This is the first edited volume exclusively devoted to CLB. It represents the first attempt at providing both a theoretical and data-oriented framework of current research on CLB in various countries, and through the lenses of various disciplinary and methodological perspectives. It contains contributions from scholars who, with their seminal work on natural translation and CLB, have contributed to initiating and consolidating this field of research within their own disciplines.

  • Antonini, Rachele, Chiara Bucaria, Letizia Cirillo, Linda Rossato, and Ira Torresi, eds. Non-professional Interpreting and Translation: State of the Art and Future of an Emerging Field of Research. Amsterdam and Philadelphia: John Benjamins, 2017.

    This volume focuses on nonprofessional interpreting and translation and contains a section devoted to studies on CLB that represents an outlook on how researchers with different disciplinary backgrounds can help bring this topic of research forward with the implementation of innovative methodological and interpretative tools.

  • Harris, Brian. “An Annotated Chronological Bibliography of a Century of Natural Translation Studies 1908–2008.” Valladolid, Spain: Universidad de Valladolid, 2008.

    This is a key reference work and a valuable starting point to understanding the establishment and development of CLB studies. It is a detailed chronological review of the literature on the natural translator and the first work to acknowledge the fact that, in a short period of time, CLB studies have come of age.

  • Morales, Alejandro, and William E. Hanson. “Language Brokering: An Integrative Review of the Literature.” Hispanic Journal of Behavioral Sciences 27.4 (2005): 471–503.

    DOI: 10.1177/0739986305281333

    This bibliographic review represents a fundamental reference work for students and researchers of CLB. It provides a description of the main peer-reviewed articles published until 2005 with a specific focus on the methodological approaches employed and succinct summaries of the main objectives and results.

  • Orellana, F. Marjorie. Translating Childhoods: Immigrant Youth, Language, and Culture. New Brunswick, NJ, and London: Rutgers University Press, 2009.

    This is the very first monograph on CLB. Drawing from her extensive research on immigrant communities, Orellana provides the most detailed and comprehensive description of the invisible yet impactful contribution that child language brokers make by performing as language and culture mediators.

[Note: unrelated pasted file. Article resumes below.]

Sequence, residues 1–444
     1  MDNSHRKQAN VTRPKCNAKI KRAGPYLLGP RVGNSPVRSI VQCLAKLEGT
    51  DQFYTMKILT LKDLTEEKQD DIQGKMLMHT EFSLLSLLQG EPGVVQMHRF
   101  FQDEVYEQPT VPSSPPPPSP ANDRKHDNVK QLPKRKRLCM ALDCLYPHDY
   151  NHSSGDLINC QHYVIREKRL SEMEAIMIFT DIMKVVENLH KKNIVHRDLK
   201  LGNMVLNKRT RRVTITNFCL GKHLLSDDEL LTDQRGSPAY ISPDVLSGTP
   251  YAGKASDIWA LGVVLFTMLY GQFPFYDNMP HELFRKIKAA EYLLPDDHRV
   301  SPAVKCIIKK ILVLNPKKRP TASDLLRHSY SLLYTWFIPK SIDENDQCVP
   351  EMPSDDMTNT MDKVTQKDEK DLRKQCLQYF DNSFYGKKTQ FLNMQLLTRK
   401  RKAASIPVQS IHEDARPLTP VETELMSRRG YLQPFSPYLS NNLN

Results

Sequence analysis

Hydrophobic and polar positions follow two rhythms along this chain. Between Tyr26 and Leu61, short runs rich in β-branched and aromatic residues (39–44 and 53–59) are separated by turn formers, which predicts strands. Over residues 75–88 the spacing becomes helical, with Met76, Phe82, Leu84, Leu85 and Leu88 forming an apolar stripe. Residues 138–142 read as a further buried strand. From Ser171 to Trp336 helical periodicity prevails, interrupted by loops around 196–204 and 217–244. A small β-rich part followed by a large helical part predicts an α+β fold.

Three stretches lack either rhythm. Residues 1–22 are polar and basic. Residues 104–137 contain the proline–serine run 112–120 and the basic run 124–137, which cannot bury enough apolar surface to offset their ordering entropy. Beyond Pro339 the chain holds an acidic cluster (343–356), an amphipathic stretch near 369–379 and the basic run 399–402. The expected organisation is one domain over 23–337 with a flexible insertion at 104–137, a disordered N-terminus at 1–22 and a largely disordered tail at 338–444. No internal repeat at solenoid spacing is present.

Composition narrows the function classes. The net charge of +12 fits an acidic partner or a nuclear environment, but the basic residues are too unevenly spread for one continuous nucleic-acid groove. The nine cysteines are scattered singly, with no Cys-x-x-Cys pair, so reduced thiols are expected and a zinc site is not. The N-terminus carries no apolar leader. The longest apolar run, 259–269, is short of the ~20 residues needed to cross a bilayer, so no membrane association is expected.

• Orellana, F. Marjorie. “From Here to There: On the Process of an Ethnography of Language Brokering.” In Special Issue: Child Language Brokering: Trends and Patterns in Current Research. Edited by Rachele Antonini. mediAzioni 10 (2010): 47–67.

    This thought-provoking overview identifies the directions that have been pursued in research since the 1980s and the framings that have driven research on CLB. Orellana centers her overview on the questions that could still be asked and the issues that have not yet been investigated. She also reasons on how the study of CLB could be built upon and connected to others, in order to expand and deepen our understanding of this practice and its effects.

  • Tse, Lucy. “Who Decides? The Effects of Language Brokering on Home-School Communication.” Journal of Educational Issues of Language Minority Students 16 (1996): 225–234.

    This article is the first review of the literature on language brokering by one of the most cited scholars in CLB studies. It includes twelve studies/articles with a specific focus on language brokering within the context of home-school communication and the effects of CLB on the language brokers and their parents within this specific domain.

  • Weisskirch, Robert S., ed. Language Brokering in Immigrant Families: Theories and Contexts. London and New York: Routledge, 2017.

    The contributions included in this edited volume offer an overview of the theory and the existing literature on CLB from the perspective of different disciplines, and focus on the advantages and disadvantages of this practice as well as a description of the factors that may influence language brokers.